That’s it… we, our children, our grandchildren, even others to come, will never recover from this, because we have nothing else to give… we are all screwed (Adolfo, brother).
Attempting to deal with this situation and emerging crises roped in family members, stretched to the limit, and one major area was that of labouring, posing a direct and critical link between disability, care and shifting family labouring patterns, in particular for women. I will discuss this further below.

3.3. Shifting Family Labour

Participants recounted how disability, especially when it reduced or removed the labouring input of the disabled family member, notably that of the household head, meant that loss of labouring capacity and earnings had to be compensated for by other family members. This is significant in rural areas, where household economies, consumption and survival often depend on labour and income pooling and sharing [31]1. Participants explained how it is common for all family members, including children, to contribute labour power during key stages of the agricultural cycle in rural Guatemala. However, disability intensifies these pressures with a sense of urgency and impending collapse of the household economy and well-being. Family members documented in detail how they had to step in and contribute towards the direct costs (in particular health care), even if partially and erratically, compensate for lost or reduced labour power and income, provide caregiving duties, and most critically, ensure that crucial basic needs, notably food, were satisfied, even if partially.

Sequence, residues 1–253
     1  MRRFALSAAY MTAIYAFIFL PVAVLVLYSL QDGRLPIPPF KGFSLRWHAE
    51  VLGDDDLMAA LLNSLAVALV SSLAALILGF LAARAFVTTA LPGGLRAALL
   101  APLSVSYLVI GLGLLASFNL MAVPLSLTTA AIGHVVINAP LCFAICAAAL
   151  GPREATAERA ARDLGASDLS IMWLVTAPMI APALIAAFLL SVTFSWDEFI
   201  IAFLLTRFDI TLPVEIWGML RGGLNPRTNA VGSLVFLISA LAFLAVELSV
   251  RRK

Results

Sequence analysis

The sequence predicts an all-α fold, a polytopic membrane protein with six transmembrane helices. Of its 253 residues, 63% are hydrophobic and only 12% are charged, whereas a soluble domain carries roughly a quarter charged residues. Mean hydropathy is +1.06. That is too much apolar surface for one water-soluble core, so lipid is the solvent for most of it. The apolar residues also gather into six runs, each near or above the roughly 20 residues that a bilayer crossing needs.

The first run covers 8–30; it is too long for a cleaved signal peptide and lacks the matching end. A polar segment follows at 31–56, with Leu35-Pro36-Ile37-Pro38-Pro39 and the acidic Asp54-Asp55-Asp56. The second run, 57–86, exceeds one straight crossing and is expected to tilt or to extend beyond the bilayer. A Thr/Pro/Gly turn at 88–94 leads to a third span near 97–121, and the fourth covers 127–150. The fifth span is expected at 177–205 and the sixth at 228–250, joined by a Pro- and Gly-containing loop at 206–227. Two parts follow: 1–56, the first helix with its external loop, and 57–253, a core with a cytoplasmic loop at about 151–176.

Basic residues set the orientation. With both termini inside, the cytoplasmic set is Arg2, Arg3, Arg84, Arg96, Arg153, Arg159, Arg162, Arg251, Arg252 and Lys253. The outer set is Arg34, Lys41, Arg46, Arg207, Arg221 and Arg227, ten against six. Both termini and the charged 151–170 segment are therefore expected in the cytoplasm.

When one falls, the other has to pick up the rest, because it is only your family and God… the government gives you nothing… so we all have to work, maybe to buy him (disabled person) a pill or two sometimes, maybe just for the pain, to buy some food… all we can afford (Cristian, son).
These shifts in family labour patterns appeared to be more common in contexts where families lived and worked together in reasonable proximity. However, those families with a member residing and working in the US (often irregularly) noted how disability and its financial demands led to stepping up of pressure on the migrant family member to work harder and send some money, intensifying dependence on the small remittances sent. These, as they emphasised, could not always be sustained, and were growing more irregular in the face of intensified border policies, fragmented work, and the hunt for irregular migrants in the US.
We have a son working in construction in the US, he has his own family, sometimes sends us some money… since his father had his accident, we are always asking for more money to help us eat and he can’t… he has mouths to feed, and work is becoming more difficult for him… he wants to do more, but… he is scared they will catch him too, and that will ruin us all (Manuela, mother).